Claiming becomes necessary as a result of human as well as mechanical errors in the processing of orders and payment, incorrect address information, missed mail, check-in errors, etc….
Claim lists should be made every week. Gift Claims are separated out into lists for Gift Exchange, Paid Exchange, or just Gift.
Every day you may receive yellow claim slips from the Serials Receiving Assistants for issues that were skipped and need to be claimed.
When processing a gift claim one of 3 methods is preferred:
Always check a company’s website first for updated contact information and to make sure the site is still functioning. There is a chance that some of them will have the ability to contact them through their website, or request an annual report online.
Calling is the preferred method if you need or want an immediate response.
Email would be another option, if there is no great hurry, or for any international claims,
Special Letters are also an excellent choice, and there is a template letter stored on the serials drive.
Once a claim has been made, it should be filed alphabetically in the claims drawer to await further action. It should be stapled together with any previous claims for that issue.
Claim responses (or reports) arrive in many forms. Often, because it’s the most efficient and common method to claim, you will receive email responses to your claims. If you claimed electronically, you may receive generalized email responses or you will receive claim acknowledgements and claim checkers in the mail. Or, you may receive a phone call from the publisher, etc….
**It is important to document and keep track not only of the action you take on a claim, but the responses/correspondence you receive as well. Standardized notes assist in this process.
Claim notes should be organized in order by issue, and then by date (most recent date on top). Email notes are entered with the abbreviation EML followed by an abbreviation for the publisher or vendor. Next, enter the date followed by a colon and then the information provided in the response – as concise as possible (try to keep it on 1-2 lines).
EML/CLM = for email claims. Should specify contact when necessary.
CLM/RVW = indicates research on an expected issue not resulting in a claim. Should include the source of review, such as “per World Cat, Ebsconet” etc.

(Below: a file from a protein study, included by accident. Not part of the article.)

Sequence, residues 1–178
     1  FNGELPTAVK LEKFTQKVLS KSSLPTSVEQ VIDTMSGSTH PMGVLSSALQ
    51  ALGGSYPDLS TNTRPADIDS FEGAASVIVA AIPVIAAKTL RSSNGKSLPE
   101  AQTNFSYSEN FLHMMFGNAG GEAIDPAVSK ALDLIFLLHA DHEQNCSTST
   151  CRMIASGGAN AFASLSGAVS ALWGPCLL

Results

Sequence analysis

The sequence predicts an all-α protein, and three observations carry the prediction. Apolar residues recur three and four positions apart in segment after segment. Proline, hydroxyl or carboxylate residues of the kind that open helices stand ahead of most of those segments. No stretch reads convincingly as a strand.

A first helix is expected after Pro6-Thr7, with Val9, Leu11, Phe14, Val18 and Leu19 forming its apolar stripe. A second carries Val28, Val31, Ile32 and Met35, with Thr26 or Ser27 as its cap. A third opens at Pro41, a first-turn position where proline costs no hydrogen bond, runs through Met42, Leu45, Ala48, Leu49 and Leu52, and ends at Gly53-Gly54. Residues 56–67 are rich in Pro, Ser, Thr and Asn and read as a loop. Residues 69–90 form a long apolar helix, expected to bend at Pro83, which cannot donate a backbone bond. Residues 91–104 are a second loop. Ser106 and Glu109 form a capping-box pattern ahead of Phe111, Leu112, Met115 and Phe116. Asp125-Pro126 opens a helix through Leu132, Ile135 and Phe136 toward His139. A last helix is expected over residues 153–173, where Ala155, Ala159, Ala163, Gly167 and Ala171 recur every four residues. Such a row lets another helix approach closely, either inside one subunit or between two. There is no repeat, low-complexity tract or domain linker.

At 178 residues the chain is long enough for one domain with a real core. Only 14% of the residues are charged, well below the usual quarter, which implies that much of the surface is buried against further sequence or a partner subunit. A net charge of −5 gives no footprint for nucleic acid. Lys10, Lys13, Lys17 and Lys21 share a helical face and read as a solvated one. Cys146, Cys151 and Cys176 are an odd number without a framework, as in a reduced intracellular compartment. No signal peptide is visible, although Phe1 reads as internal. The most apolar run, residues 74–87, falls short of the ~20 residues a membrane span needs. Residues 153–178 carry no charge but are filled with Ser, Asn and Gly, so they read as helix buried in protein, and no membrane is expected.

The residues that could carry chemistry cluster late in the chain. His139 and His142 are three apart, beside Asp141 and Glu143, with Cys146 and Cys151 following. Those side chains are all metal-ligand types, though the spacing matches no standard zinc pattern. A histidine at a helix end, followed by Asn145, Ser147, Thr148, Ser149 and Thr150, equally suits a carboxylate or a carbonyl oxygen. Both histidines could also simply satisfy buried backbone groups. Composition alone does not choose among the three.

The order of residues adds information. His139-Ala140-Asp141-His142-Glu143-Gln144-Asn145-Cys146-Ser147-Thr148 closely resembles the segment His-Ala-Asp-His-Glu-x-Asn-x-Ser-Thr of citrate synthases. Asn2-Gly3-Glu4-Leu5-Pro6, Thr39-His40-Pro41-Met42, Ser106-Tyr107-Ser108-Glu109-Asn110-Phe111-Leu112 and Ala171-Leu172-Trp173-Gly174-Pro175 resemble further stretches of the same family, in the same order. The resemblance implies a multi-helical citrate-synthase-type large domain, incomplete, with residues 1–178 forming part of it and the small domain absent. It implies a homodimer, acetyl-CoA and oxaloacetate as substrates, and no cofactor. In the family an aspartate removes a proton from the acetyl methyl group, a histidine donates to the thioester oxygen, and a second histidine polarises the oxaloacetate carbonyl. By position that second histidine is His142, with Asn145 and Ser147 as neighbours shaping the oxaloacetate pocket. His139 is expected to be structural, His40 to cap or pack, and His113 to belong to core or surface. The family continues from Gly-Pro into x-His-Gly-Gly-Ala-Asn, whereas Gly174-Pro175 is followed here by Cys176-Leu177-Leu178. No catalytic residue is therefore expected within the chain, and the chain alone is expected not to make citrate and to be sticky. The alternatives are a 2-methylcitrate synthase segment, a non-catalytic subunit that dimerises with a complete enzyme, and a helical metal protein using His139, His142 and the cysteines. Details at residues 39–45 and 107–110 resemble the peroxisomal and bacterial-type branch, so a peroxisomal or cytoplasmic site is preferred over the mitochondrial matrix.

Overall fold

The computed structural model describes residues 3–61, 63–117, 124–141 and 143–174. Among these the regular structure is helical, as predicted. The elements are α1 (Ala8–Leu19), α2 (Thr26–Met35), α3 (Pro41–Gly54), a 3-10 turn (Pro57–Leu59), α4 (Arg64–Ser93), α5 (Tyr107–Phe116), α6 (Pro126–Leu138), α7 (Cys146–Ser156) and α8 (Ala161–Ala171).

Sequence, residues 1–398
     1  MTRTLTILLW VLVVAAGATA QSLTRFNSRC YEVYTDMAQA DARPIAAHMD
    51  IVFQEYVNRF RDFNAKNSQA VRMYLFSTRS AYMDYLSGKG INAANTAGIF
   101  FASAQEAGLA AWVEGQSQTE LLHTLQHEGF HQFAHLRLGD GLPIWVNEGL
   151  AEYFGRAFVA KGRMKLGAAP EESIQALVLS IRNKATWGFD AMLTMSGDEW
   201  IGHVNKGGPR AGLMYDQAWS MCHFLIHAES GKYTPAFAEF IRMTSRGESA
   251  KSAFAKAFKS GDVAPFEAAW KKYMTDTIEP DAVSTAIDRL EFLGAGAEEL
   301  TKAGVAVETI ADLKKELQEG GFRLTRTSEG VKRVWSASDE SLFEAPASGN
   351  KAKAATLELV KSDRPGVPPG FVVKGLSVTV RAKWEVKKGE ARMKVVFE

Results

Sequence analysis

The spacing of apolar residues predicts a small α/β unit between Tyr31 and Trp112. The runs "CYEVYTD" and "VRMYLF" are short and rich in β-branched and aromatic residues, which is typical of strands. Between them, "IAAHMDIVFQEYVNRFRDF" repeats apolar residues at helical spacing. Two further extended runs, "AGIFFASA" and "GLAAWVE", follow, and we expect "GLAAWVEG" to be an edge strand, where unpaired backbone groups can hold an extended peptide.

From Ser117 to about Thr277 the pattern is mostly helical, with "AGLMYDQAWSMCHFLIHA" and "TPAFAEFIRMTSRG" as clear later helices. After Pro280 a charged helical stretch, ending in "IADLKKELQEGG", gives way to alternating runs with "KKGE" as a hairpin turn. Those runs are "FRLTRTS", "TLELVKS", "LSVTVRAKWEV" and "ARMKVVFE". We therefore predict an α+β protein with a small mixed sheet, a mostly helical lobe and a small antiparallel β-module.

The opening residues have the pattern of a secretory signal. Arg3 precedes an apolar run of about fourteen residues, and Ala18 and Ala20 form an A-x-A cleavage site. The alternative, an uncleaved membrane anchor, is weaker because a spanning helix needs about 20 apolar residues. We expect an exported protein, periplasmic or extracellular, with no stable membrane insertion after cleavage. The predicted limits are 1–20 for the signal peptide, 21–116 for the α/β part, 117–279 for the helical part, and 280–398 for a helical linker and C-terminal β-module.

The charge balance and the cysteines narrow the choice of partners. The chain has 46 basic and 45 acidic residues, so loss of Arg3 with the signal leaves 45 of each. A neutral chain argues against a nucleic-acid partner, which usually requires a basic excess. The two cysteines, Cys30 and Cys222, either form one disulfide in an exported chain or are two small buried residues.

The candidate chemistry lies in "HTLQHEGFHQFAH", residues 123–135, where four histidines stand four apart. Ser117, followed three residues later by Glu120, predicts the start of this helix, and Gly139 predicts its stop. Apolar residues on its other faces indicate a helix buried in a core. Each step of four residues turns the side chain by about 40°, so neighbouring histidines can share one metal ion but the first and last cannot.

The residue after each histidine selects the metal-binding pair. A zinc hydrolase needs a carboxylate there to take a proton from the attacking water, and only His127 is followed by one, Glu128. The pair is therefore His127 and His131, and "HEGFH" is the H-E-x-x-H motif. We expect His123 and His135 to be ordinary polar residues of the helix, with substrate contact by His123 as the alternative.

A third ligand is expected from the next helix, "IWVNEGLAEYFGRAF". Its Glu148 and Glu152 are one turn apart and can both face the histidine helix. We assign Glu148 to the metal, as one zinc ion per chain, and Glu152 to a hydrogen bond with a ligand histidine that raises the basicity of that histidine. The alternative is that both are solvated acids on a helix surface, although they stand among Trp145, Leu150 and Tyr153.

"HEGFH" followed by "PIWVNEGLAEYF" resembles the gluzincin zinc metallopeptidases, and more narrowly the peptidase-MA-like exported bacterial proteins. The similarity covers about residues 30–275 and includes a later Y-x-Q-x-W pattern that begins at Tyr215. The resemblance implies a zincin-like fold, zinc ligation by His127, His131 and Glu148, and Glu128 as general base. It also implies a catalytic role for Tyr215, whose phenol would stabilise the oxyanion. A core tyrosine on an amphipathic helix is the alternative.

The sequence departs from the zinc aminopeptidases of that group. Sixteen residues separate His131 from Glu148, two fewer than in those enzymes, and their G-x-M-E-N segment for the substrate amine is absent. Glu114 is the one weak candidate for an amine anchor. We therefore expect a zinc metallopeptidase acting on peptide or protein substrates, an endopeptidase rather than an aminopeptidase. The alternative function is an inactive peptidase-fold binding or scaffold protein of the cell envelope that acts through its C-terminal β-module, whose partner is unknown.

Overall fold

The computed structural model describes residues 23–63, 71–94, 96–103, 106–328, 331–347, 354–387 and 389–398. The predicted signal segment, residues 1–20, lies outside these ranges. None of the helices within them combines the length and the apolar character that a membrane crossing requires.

PH/CALL = phone call
SPECLTR = Special letter. Good for claiming historical society titles.
FAX/PUB = for a fax (make sure to include fax number)
CLMSLIP = for claim slip that is mailed
WEBSITE = for info gleaned directly from the publication web site.
FOLLOWUP = to follow-up on a claim
CLM/RPT = claim report. Should specify the source when necessary, such as when info is from a new contact, or phone vs. email response, etc.
PUB/RPT = info received from pub not in response to claim, but possibly to preclude one.
EML/RPT = info received from pub via email in response to claim. Please include email address of sender on unresolved claims.
FAX/RPT = info received from pub via fax in response to claim. Please include fax number of sender on unresolved claims
If you discover new information while trying to contact a publisher, add/update the information in the edit screen as a note before any claim notes:
Contact: name (date)
PUB EMAIL: email address (date)
PUB PHONE: phone number (date)
PUB ADDR: address (date) – also give this info to Maintenance
After you enter the notes, you may need to update the record as well.
For example, if the response is that the issue is “not yet published”, you need to add a reclaim note (i.e. ** RECLM 01 MAY) so that you can check on it again at a later date. Generally, you need to wait three months the first time the publisher tells you the issue is not yet published. After that claim, if the publisher informs you that they still have not published then set the reclaim for 6 months. Then, until the publisher tells you different, reclaim once a year. For K3 titles follow the same rules of thumb, but they can vary more often than the regular titles.
However, if information is provided indicating when the expected date of publication is, you should set the reclaim note to reflect the new information. For example, if you are told that the issue is due out in September (and it is a domestic publication) the reclaim note should be set to check at the end of November; this way you have given them time to send the issue before reclaiming (unless you are told otherwise).
If the response indicates that the issue is “not available,” “out of stock,” or “out of print,” after entering this information in the record, you should gather all the information you have (including claim slips and correspondence from the drawers) and give it to the LS2 Supervisor to review and decide whether or not to put the issue(s) in the replacement process. At this time, put a note in the edit screen to indicate you have given that person the information (info to LS2, MMM, etc.). Leave the box as claimed, so that this issue will appear on your claim list. This allows you to check up on the status of the decision. If several months have past and a decision has not been made yet, then the information needs to be resent to LS2. Once you receive an answer this note will either be changed or deleted.
When claims are received the claims slips and correspondence are pulled from the drawer and filed in their respective fiscal year drawers with the date of receipt written on them. See filing for more info.